By Jennifer Medina, New York Times
March 21, 2014
LAS VEGAS — The wedding was a modest affair, held in a reception hall overlooking an artificial lake tucked behind a suburban strip. But just minutes after it ended, the bride and groom hurriedly scurried past dozens of protesters here who were chanting “Bigamist” and “Shame on you!”
One of the wedding guests on Thursday evening glared at the demonstrators, repeatedly hissing: “Mazel tov. Mazel tov. Mazel tov.” The bride, in a lace and sequin floor-length gown, grasped the hand of her husband and looked at the crowd in silence.
Meir Kin, the new husband, has been divorced for more than seven years, under California’s civil law. But he has refused to give his previous wife the document known as a “get,” as required by Orthodox Jewish law to end a marriage. In the eyes of religious authorities, the woman he married in 2000 is what is called an agunah — Hebrew for chained wife. Without the get, the woman, Lonna Kin, is forbidden under Jewish law to remarry.
Jewish law prohibits men from taking multiple wives. But Mr. Kin, according to several rabbis here, apparently relied on a legal loophole, which says that if a man can get the special permission of 100 rabbis to take a second wife, he is able to do so.
The case has become a powerful symbol for what activists say is a deepening crisis among Orthodox Jews — hundreds of women held hostage in a religious marriage, in some cases for years after civil cases have been settled. According to the intricate religious laws dictating marriage and divorce, only the husband has the power to grant a divorce.
“What has happened here is really shameful,” said Rabbi Kalman Topp, who drove from Los Angeles to protest the wedding, along with other rabbis and congregants from Orthodox synagogues there. “Not only is he in clear violation of Jewish law, but he is utilizing and corrupting Jewish law to commit cruel domestic abuse.”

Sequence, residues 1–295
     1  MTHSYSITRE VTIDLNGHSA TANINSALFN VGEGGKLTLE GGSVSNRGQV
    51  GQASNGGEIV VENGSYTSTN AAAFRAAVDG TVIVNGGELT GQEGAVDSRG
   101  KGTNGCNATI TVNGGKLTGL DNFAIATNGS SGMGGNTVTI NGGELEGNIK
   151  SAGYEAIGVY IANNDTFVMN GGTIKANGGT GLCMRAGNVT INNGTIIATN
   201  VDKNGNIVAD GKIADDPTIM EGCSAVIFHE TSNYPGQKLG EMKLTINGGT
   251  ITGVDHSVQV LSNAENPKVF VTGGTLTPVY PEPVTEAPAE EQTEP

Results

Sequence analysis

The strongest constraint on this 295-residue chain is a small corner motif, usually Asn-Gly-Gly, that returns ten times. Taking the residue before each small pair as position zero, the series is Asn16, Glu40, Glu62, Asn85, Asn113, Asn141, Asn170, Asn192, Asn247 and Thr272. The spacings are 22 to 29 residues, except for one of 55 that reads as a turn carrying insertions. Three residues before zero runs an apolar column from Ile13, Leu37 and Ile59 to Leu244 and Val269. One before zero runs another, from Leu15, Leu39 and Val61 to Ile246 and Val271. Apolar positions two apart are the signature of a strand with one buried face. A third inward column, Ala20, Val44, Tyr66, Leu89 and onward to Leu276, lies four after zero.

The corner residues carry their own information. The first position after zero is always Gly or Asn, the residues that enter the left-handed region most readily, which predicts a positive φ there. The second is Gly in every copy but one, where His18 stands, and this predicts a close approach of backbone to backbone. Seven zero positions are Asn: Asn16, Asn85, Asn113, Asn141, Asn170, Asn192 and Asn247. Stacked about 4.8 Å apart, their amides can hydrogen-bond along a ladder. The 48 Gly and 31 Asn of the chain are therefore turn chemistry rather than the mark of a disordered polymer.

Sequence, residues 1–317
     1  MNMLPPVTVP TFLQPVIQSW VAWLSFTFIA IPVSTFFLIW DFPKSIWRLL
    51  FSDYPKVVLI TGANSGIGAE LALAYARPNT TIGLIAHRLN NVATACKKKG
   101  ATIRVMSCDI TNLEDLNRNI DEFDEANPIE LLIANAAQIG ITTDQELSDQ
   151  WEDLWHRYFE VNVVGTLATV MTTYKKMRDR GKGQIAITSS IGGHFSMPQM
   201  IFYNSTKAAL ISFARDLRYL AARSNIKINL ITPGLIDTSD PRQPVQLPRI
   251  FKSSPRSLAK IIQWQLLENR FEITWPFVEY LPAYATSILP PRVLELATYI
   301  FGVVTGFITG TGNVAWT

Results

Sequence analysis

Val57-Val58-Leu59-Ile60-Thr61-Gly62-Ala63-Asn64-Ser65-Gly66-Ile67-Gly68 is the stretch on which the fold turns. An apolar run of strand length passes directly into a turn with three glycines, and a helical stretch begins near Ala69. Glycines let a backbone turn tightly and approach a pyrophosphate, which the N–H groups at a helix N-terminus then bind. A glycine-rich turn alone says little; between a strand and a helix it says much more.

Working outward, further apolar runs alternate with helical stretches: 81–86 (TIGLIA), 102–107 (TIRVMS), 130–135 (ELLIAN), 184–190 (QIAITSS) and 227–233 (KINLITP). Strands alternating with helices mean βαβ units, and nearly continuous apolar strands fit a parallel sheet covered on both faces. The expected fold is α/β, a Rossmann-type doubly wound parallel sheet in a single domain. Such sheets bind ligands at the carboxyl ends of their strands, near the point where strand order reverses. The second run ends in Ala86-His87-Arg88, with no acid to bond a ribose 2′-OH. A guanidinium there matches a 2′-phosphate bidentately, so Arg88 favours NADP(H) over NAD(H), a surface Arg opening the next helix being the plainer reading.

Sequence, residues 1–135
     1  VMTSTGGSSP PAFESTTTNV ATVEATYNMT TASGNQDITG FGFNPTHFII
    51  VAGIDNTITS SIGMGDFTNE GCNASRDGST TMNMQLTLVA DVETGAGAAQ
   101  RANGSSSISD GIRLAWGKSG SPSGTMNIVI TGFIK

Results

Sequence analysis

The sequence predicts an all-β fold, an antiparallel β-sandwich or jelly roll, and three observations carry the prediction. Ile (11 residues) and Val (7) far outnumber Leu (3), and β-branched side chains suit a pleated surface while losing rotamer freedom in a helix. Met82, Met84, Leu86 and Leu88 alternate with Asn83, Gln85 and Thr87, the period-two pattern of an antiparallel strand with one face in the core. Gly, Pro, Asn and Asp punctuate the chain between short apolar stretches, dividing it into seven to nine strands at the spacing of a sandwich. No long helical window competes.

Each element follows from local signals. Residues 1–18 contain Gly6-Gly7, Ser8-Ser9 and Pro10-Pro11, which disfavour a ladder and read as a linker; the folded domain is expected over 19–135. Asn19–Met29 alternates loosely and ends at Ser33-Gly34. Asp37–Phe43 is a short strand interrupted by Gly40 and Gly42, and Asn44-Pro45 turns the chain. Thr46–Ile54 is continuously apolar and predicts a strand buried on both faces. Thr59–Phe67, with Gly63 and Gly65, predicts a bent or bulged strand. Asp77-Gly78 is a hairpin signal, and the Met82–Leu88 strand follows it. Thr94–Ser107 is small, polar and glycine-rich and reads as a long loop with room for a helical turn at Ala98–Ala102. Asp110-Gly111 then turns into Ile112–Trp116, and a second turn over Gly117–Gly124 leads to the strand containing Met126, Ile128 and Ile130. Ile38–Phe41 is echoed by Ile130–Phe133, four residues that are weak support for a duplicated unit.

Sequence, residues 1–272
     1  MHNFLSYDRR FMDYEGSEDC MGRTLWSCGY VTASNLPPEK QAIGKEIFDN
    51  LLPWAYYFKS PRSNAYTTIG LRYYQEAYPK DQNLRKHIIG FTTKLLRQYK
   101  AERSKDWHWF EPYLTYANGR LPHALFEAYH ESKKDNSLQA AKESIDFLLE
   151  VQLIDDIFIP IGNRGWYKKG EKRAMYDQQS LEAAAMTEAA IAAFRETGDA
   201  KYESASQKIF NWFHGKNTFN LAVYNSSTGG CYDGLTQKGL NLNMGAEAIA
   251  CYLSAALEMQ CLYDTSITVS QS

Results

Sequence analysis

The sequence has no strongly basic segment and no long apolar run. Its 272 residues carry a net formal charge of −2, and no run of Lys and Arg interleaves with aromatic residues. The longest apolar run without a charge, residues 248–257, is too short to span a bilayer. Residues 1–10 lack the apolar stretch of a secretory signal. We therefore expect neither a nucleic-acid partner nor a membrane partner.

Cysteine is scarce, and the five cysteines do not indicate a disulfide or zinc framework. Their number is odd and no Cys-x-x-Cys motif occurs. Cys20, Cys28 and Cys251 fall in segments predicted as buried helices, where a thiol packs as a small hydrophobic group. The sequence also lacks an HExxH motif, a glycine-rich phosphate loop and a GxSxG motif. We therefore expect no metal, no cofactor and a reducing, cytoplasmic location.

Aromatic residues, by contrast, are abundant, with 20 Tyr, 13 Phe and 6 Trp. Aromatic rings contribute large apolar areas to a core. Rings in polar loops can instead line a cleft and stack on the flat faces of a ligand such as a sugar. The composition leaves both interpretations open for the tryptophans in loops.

Ms. Kin, who runs a real estate company, and her supporters say that Mr. Kin, a physician assistant, is demanding $500,000 and full custody of their 12-year-old son in exchange for the divorce. And they cast doubt on whether he really has the support of 100 rabbis. Reached at his Las Vegas home on Thursday, as a photographer took pictures of him and his bride in the driveway, Mr. Kin declined to comment.
Traditionally, Jewish communities relied on the threat of ostracism to persuade a recalcitrant husband to give his wife a divorce, but many say the threat became far less potent as these communities opened and spread out. In recent years, Orthodox activists with the Organization for the Resolution of Agunot, which organized the protest at Mr. Kin’s wedding, have tried to publicly shame men into giving the get.
When a congressional aide refused to give his wife the decree several years ago, protesters wrote to the congressman, created sophisticated social media campaigns and protested in front of his Washington apartment. Last year federal prosecutors filed charges against a New Jersey rabbi whom they accuse of taking tens of thousands of dollars to kidnap and torture recalcitrant husbands refusing to give their wives a religious divorce.
Ms. Kin’s nearly decade-long fight for a religious divorce illustrates the limited power of such women.
“This is not supposed to happen, that even with all these people against him he can marry anyway,” Ms. Kin, 52, said in a telephone interview from her home in Monsey, N.Y., where she lives with their son and three daughters from a previous marriage. “I would like to find a man who could be a good life partner, to have the kind of marriage my parents have. I want to marry someone and have a life like that, but now I am chained to a dead marriage.”